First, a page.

Prior Distribution on Parameters not in Hyperdistributions. Although the most likely use of the MCMC estimation procedure is to estimate the mean and variance of hyperdistributions, most models in MARK include other nuisance parameters in the models. These parameters also require a prior distribution. Three options are provided. The first is to ignore the prior distribution, and never use it to decide whether a new value in the Markov Chain is accepted or rejected. The second option is to specify a default prior distribution, consisting of a normal distribution with the mean and variance provided. All parameters not included in a hyperdistribution will use this normal prior. The third option is to specify the prior distribution for each parameter individually. However, only normal priors are allowed, so you can only specify a mean and standard deviation appropriate for each of the non-hyperdistribution parameters.
Diagnostics. This group of controls determines what diagnostic values will be generated. Checking the GIBBSIT sample size box will produce a table of estimated sample sizes for the burn-in period and the samples to store. Selecting the multiple Markov chains option will produce a diagnostic statistic (R-hat) useful for determining if the Markov chains have adequately sampled the posterior distribution.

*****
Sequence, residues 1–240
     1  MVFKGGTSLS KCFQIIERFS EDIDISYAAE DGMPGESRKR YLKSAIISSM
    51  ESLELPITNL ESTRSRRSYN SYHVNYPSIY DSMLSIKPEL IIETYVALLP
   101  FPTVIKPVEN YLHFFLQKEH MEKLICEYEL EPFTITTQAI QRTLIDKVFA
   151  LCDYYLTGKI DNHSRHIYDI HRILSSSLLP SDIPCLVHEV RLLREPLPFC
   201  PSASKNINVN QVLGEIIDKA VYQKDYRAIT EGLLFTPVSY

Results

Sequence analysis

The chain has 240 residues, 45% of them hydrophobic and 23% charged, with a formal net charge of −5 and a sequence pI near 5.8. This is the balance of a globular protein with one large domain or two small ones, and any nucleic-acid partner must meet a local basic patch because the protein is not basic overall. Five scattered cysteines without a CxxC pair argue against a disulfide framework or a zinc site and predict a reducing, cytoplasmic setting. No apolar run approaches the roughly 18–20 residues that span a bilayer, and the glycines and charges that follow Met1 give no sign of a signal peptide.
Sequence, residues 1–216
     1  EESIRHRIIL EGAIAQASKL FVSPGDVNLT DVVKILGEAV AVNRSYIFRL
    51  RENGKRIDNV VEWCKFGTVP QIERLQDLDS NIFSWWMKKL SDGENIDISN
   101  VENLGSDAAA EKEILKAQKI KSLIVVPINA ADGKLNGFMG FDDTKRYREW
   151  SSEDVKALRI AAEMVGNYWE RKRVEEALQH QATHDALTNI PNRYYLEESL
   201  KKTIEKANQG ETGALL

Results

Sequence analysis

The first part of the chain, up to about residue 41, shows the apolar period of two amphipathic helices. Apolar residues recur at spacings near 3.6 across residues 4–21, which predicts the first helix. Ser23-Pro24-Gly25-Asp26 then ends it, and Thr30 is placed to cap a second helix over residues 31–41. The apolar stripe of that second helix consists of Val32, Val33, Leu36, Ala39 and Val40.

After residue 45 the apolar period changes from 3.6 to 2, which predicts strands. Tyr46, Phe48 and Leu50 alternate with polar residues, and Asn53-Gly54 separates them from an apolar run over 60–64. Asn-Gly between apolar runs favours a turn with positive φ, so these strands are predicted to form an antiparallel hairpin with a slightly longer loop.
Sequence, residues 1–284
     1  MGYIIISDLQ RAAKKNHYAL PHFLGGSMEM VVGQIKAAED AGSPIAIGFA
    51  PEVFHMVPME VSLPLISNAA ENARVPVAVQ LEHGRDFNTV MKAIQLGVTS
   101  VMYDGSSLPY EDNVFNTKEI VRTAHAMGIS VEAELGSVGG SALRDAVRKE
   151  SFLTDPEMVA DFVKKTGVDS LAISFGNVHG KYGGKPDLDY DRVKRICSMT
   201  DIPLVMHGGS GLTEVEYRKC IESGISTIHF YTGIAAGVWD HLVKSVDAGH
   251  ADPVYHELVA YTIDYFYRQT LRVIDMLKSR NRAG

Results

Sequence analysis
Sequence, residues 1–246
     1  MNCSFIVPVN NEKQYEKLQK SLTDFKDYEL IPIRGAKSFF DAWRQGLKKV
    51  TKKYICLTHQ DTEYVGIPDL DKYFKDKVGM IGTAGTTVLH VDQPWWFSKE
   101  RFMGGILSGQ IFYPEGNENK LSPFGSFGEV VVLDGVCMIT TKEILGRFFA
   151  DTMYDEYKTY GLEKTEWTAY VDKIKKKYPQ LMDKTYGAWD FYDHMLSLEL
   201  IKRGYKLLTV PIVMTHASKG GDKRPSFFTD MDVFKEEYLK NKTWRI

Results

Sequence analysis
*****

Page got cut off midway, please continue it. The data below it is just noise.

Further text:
Once you have specified the appropriate values, or want to accept the defaults, click the OK button to continue. If you have specified 1 or more hyperdistributions are to be modeled, then additional dialog windows will request information on these hyperdistributions.
When MCMC estimation is run in MARK, the resulting output is not stored in the Results Browser Window, or in the Results File. Rather, the output is placed in a Notepad Window, which you can then save to a file for later retrieval. Summaries provided for each of the beta parameters, hyperdistribution parameters, and real parameters are the mean, standard deviation, median, and mode, plus the percentage of trials when a new value was accepted (labeled as the proportion of jumps accepted). In addition, the percentiles of 2.5, 5, 10, 20, 80, 90, 95, and 97.5 are listed. These values can be used to create credibility intervals for the parameters. In addition, the binary output file is available to use for additional analyses with the SAS code or R code provided.